Jennifer Ladd Jack was an archaeologist and ethnobotanist who was dedicated to helping the Paiute preserve their knowledge and history.
She played the piano beautifully at home and at the Good Shepherd Presbyterian Church (which she helped to found) and she sewed many of her clothes on a treadle sewing machine.
My own memories of my mother are very few but I remember she loved popcorn, made delicious chicken dumplings, practiced yoga, painted her nails on Sunday evening and often read in bed before going to sleep.
Jennifer died suddenly of congenital heart disease on January 26th, 1988. Her friends, Bob and Helen Kohl, wrote a letter to the editor shortly after her death which said, “She was a warm friend to so many. It was evident that the nearly 300 people of all faiths, friends and coworkers, Paiutes and whites alike, who packed the Chapel at her Memorial service were saying a fond farewell to a fine lady. Bon voyage Jennifer.”
A few years ago I found an old box with my mother’s name on it. Inside I found some slides. I took those to a photo shop and had them put on a disk. Most of the images were of plants, photos I assume my mother had taken. Seeing these plants that I have come to love dearly, like globe mallow, prickly poppy, prickly cactus, paintbrush, sagebrush, penstemons and primroses was like getting a spiritual hug from my mother.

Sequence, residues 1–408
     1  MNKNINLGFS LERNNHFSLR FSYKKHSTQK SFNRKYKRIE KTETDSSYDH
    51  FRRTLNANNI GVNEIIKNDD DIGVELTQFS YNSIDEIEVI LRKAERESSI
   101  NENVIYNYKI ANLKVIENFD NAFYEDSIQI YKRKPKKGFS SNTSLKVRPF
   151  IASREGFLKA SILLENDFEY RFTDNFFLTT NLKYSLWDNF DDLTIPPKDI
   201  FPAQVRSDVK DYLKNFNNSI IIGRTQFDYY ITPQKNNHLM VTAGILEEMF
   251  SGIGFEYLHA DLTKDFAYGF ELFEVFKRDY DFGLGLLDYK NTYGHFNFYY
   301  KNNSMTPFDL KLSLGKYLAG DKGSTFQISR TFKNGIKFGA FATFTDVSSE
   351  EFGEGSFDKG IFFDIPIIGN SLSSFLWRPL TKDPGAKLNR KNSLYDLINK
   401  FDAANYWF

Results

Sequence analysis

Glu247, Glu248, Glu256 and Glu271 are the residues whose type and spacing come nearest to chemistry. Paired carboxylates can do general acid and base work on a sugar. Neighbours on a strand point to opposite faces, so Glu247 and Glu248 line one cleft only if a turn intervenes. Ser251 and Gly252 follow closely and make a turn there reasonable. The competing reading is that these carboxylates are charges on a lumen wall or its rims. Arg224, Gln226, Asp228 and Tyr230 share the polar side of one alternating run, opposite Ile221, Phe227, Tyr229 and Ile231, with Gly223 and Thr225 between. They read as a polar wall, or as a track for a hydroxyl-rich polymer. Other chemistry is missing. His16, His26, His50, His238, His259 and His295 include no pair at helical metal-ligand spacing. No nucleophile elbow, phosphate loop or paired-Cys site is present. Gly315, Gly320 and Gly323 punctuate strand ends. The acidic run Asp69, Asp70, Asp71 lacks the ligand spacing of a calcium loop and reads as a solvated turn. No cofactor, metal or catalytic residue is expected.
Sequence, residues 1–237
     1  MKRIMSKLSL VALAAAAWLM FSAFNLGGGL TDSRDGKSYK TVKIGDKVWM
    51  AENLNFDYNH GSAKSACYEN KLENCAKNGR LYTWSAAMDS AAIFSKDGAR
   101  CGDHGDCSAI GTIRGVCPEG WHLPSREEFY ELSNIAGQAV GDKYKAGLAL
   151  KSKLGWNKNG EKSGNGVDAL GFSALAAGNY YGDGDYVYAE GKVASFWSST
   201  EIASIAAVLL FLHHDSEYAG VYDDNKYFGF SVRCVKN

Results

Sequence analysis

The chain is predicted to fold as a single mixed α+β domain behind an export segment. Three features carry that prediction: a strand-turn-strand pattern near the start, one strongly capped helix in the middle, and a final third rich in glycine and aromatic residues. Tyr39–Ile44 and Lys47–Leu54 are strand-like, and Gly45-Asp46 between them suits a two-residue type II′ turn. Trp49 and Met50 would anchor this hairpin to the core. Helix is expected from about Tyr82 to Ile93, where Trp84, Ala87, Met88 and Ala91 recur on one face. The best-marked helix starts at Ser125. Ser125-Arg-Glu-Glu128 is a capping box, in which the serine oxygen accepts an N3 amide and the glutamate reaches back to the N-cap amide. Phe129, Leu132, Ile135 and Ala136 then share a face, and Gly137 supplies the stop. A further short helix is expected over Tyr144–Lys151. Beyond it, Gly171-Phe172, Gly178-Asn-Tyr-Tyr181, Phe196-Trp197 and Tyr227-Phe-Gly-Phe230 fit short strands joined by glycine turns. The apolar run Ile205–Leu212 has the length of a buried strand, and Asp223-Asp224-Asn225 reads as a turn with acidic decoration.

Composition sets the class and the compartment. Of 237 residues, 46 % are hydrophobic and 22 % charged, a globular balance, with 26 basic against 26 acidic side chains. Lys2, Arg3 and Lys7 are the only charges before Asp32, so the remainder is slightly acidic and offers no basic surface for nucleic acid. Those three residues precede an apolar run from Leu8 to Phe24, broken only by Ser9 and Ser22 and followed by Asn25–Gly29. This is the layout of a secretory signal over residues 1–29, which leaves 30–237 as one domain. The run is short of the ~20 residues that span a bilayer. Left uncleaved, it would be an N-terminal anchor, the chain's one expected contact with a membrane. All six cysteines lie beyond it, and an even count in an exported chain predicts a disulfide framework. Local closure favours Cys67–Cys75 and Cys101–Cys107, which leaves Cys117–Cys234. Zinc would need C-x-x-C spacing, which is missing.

I leave these photos here, in her memory.
“Jennifer had a sense of humor and a zeal for life that carried into her love or anthropology, and a pragmatism that enabled her to put her ideals into practice. These threads were woven throughout her life whether it was her period of “homesteading” in a canyon east of Sigurd or her return to archaeological practice with the Bureau of Land Management. She never lost sight of anthropology as being a higher endeavor and had the insight that allowed her to see the difference between responsibility to higher ideals and the day to day machinations of human folly.”
Betsy L. Tipps
"Jennifer was an outstanding student in our department. Her enthusiasm, her wit and wry smile, and willingness to get the job done right are all fondly remembered here. Few people get the chance to make a difference. Jennifer did make a difference to many."
Department of Anthropology, University of Nevada-Reno